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Post Endovenous Laser Treatment

SUBJECT: Post Endovenous Laser Treatment Ultrasound Exam

SECTION: Vascular Ultrasound

ORIGINATOR: Deborah L. Richert, BSVT, RDMS, RVT

REVIEW DATE: September 13, 2013

Scheduling: One half hour time slot.

Prep: None.

Patient Position: Supine, reverse Trendelenburg position with patient head elevated 10 – 20 degrees.

Equipment: Colorflow duplex ultrasound unit with a 5 MHz linear transducer. A 7MHz linear transducer may be used for superficial imaging. ***Procedure should be performed at the lowest possible power settings.

Purpose: Evaluation of the lower extremity for deep vein thrombosis, and evaluation of the ipsilateral greater saphenous vein for patency post endovenous laser treatment of venous valvular incompetency.

Exam Protocol: A complete DVT evaluation of the ipsilateral lower extremity will be performed first. Please refer to the “Lower Extremity Venous Ultrasound – DVT Exam” protocol. The ipsilateral greater saphenous vein (GSV) will then be evaluated for patency from the confluence with the CFV to as far distal as it can be seen (i.e. thigh and calf). It is not necessary to evaluate the status of any of the branch varices that were ligated. (These areas may be described as the “stab wound” areas). This exam will be billed as a venous DVT study, NOT a reflux exam.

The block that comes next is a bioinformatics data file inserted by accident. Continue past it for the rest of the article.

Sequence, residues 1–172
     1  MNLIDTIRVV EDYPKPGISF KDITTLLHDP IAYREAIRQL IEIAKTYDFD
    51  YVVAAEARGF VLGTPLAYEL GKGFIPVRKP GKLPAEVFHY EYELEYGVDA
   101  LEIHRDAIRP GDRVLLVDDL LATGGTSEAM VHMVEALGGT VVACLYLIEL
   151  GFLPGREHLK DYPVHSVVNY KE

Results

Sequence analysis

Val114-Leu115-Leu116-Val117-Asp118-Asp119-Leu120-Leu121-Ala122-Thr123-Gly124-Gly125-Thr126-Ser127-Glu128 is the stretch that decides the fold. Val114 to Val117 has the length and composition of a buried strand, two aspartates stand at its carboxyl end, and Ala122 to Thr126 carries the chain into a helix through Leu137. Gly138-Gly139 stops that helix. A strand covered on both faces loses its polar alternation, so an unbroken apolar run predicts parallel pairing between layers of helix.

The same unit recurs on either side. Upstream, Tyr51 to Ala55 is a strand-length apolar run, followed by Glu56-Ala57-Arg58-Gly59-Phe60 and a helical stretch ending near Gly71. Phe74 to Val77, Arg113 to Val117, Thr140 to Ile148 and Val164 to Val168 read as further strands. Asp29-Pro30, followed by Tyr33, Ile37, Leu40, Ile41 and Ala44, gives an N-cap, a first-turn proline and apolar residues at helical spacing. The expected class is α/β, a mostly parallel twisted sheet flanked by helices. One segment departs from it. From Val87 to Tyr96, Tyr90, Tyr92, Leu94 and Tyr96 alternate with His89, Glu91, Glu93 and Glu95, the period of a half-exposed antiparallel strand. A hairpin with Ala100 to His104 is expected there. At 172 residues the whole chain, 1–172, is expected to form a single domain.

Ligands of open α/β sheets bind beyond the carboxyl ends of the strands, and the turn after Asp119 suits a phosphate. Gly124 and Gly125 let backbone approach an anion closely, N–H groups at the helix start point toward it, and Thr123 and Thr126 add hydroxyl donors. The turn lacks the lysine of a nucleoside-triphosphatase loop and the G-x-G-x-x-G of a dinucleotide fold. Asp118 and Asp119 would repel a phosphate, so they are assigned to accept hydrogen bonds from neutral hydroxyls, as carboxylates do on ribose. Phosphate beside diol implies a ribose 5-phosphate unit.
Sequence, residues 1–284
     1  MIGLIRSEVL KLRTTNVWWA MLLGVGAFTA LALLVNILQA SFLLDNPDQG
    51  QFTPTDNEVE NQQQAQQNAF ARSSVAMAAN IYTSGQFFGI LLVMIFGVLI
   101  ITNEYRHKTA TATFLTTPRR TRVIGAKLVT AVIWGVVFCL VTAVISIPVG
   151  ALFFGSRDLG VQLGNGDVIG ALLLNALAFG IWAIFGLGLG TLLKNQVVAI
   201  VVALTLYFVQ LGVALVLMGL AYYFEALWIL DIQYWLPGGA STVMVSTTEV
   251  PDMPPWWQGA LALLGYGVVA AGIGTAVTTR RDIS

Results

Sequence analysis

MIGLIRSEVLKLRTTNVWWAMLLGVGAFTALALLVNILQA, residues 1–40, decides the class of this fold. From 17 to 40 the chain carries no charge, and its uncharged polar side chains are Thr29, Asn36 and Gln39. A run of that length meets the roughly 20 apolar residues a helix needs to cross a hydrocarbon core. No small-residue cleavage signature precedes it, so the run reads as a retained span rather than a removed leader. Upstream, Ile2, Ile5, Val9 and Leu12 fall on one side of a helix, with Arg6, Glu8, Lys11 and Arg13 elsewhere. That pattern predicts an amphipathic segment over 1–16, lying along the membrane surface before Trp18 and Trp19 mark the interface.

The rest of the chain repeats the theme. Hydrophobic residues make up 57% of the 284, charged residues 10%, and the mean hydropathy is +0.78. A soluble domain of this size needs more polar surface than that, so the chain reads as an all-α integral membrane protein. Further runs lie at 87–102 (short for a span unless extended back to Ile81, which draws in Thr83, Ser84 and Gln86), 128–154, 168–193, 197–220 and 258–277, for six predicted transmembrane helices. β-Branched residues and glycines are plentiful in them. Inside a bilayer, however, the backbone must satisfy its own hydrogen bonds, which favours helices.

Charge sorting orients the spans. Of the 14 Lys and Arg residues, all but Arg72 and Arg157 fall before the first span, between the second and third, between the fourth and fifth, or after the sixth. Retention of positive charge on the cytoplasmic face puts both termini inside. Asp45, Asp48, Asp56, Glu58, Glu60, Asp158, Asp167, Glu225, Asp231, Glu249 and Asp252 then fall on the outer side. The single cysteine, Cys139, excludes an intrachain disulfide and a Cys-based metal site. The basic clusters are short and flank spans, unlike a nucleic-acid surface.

Imaging Protocol: Complete evaluation of the ipsilateral lower extremity for DVT, however, the calf veins will be evaluated for DVT ONLY in patients that present with calf symptoms. (Please refer to the “Lower Extremity Venous Ultrasound – DVT Exam” protocol for the imaging protocol for that part of this exam).

The GSV imaging protocol:

  • Transverse noncompression and compression GSV in proximal thigh.
  • Transverse noncompression and compression GSV in mid thigh.
  • Transverse noncompression and compression GSV in distal thigh/knee.
  • Longitudinal color Doppler images should be taken in these areas as well.
  • If the GSV is seen in the calf it should be documented with noncompression/compression images and longitudinal color Doppler images where seen.
  • If the GSV is thrombosed as expected, the distance from the proximal end of the GSV thrombus to the CFV confluence should be measured.
  • A bilateral exam will include all of the above images on both legs.
  • If the GSV is patent in the thigh post EVLT it should be evaluated for venous reflux.
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